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Reasons Not to Roll Over a 401k

As I mentioned recently, after leaving a job, the best route is almost always to roll over your 401(k) into an IRA. There are, however, a few specific situations in which it doesn’t make sense to rollover a 401(k)–or other employer sponsored retirement plan–after leaving your job.

Are You Between Ages 55 and 59½?

If you are “separated from service” (i.e., you quit, were laid off, etc.) at age 55 or later, distributions from your 401(k) will not be subject to the 10% additional tax that normally comes with retirement account distributions before age 59½.

As a result, if:

  • You are 55 or older when you leave your job, and
  • You plan to retire prior to age 59½

…then it may make sense to keep your money in your employer-sponsored plan rather than rolling it over.

Have a Lawsuit in Your Near Future?

From what I’ve read, assets in an employer-sponsored retirement plan receive better protection than assets in an IRA in the event of a civil lawsuit against you. As a result, if you foresee a possible lawsuit in your future, it may be wise to hold off on rolling over your 401(k) until such concerns have passed.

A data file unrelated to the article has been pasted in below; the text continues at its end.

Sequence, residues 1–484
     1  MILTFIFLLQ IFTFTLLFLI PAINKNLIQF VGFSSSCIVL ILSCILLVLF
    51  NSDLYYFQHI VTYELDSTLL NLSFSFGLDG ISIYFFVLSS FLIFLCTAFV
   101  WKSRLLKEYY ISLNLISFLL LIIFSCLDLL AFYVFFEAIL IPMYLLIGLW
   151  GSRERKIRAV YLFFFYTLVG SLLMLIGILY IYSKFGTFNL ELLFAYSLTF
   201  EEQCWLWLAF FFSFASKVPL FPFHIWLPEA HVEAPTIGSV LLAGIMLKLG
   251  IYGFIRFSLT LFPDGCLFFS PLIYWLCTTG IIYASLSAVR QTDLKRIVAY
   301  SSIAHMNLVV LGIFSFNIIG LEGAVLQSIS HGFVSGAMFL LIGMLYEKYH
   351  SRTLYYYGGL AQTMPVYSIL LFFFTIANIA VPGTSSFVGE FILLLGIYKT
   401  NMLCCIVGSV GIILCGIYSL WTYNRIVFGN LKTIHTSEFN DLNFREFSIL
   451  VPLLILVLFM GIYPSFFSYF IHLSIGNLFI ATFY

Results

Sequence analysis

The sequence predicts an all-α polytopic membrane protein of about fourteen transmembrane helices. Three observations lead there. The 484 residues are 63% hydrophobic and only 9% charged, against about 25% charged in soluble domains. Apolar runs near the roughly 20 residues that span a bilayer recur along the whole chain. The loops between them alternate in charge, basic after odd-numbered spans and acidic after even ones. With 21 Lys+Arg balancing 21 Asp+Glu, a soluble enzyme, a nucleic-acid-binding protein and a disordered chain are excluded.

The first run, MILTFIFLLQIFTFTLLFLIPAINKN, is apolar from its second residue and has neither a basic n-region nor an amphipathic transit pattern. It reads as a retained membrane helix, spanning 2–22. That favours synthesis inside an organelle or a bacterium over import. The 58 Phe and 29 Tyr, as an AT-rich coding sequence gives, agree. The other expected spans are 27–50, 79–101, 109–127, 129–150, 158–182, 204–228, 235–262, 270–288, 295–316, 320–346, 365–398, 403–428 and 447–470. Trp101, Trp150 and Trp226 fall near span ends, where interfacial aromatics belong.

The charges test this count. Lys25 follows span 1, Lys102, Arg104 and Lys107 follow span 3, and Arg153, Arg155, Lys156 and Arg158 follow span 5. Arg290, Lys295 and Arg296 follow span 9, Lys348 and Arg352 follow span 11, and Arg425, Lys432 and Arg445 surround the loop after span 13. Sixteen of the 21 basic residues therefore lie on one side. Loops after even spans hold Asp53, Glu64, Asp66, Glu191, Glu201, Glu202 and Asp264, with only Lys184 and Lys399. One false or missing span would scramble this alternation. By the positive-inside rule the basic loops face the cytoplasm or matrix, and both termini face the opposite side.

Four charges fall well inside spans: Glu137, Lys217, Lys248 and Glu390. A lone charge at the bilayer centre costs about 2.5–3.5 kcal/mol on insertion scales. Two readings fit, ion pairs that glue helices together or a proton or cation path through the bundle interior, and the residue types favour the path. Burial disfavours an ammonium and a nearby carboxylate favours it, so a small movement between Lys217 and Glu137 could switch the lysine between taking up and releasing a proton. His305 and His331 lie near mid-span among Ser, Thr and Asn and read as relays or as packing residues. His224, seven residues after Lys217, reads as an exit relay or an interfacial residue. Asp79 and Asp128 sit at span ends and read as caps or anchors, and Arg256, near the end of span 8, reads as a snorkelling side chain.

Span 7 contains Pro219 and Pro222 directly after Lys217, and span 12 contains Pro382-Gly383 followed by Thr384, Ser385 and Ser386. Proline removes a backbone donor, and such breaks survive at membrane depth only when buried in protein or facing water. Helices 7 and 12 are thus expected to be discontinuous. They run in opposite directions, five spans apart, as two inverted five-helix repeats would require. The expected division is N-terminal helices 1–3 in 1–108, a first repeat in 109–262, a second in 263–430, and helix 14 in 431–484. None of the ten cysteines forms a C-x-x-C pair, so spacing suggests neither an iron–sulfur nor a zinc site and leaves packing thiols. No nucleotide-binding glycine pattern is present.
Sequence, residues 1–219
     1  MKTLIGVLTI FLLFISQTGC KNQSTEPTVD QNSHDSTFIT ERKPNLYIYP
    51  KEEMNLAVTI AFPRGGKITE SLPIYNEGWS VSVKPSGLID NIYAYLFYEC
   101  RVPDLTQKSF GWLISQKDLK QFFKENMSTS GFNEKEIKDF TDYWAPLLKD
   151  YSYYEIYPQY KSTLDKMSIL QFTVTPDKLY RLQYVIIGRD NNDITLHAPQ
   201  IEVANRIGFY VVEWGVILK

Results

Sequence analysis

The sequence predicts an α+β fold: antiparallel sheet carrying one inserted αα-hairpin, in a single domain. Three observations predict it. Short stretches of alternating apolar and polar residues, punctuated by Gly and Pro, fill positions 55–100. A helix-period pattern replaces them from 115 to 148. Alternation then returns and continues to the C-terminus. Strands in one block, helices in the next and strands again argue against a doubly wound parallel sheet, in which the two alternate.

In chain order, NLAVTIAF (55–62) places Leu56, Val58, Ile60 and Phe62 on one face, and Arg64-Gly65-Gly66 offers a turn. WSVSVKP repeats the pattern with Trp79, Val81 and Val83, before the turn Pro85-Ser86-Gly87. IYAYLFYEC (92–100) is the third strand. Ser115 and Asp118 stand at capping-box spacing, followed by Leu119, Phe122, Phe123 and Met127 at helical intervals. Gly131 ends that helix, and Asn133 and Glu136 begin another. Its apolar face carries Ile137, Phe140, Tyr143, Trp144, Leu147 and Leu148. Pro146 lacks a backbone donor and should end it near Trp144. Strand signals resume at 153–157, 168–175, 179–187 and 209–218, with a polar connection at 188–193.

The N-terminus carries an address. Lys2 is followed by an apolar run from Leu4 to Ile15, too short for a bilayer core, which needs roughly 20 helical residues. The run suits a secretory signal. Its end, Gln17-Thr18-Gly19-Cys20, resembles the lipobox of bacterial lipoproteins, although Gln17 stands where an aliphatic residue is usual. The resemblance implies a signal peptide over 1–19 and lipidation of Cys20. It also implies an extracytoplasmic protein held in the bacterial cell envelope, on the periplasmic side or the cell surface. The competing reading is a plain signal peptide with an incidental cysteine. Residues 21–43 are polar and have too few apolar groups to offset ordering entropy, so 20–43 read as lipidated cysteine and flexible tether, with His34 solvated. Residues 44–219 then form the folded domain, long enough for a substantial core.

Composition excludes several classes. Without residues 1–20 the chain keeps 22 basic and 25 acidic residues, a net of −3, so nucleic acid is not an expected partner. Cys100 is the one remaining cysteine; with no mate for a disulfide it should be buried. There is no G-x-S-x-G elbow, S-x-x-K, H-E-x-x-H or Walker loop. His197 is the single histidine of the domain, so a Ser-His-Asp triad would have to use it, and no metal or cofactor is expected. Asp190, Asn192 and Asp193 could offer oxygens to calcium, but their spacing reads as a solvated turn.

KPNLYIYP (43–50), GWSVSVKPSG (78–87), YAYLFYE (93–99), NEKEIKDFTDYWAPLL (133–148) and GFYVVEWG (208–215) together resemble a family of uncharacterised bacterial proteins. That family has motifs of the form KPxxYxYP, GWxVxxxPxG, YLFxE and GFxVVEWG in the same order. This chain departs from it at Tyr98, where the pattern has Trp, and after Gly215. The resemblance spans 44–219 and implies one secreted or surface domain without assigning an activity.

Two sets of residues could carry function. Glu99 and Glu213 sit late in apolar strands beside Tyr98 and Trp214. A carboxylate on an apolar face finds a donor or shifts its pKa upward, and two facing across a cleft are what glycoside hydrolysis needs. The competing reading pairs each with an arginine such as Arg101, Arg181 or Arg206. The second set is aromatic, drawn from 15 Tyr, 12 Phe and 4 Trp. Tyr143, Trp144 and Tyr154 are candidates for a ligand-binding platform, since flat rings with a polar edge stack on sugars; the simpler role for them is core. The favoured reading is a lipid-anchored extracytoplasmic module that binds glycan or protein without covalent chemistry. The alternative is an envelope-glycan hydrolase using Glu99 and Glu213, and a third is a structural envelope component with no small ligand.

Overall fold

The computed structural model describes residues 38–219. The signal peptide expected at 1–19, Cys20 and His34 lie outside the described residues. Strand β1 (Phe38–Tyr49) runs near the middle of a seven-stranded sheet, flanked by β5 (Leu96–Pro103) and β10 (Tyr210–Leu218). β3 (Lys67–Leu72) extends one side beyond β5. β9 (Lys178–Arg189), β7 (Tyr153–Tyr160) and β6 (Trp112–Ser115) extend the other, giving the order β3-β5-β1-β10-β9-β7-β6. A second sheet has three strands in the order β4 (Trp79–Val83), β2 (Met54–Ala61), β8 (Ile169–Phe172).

(Full disclosure: I couldn’t be less of an expert on this particular topic, so please be sure to check with someone more qualified than myself–an attorney, for instance.)

Does Your 401(k) Include Employer Stock?

If your 401(k) includes employer stock that has significantly appreciated in value from the time you purchased it, you’d do well to speak with an accountant before rolling over your 401(k). Why? Because the “Net Unrealized Appreciation” rules may allow you to take that stock and move it into a taxable account while rolling the rest of the account into an IRA.

Why would such a maneuver be beneficial? Because if you roll the stock into a taxable account, when you sell it, the gain will be subject to long-term capital gain rates. In contrast, if you roll the stock into an IRA, when you eventually withdraw the money from the IRA, the entire amount will be counted as ordinary income, and will be taxed according to your ordinary income tax bracket at the time of withdrawal.

But In Most Cases…

As you can see, the situations in which it makes sense to not rollover a 401(k) are quite specific. For the overwhelming majority of investors, the answer is “Roll it over, and get it done sooner rather than later.”

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  1. This is a great post. The employer stock advice can have a huge impact for people working at larger companies. They don’t know or don’t realize that they can seperate this holding from their retirement account. Which could easily save them 10s of thousands of dollars on taxes.

  2. Mike,

    There are other reasons that are often not cited when determining whether to fund your 401K while you are still at your employer (above the match argument):

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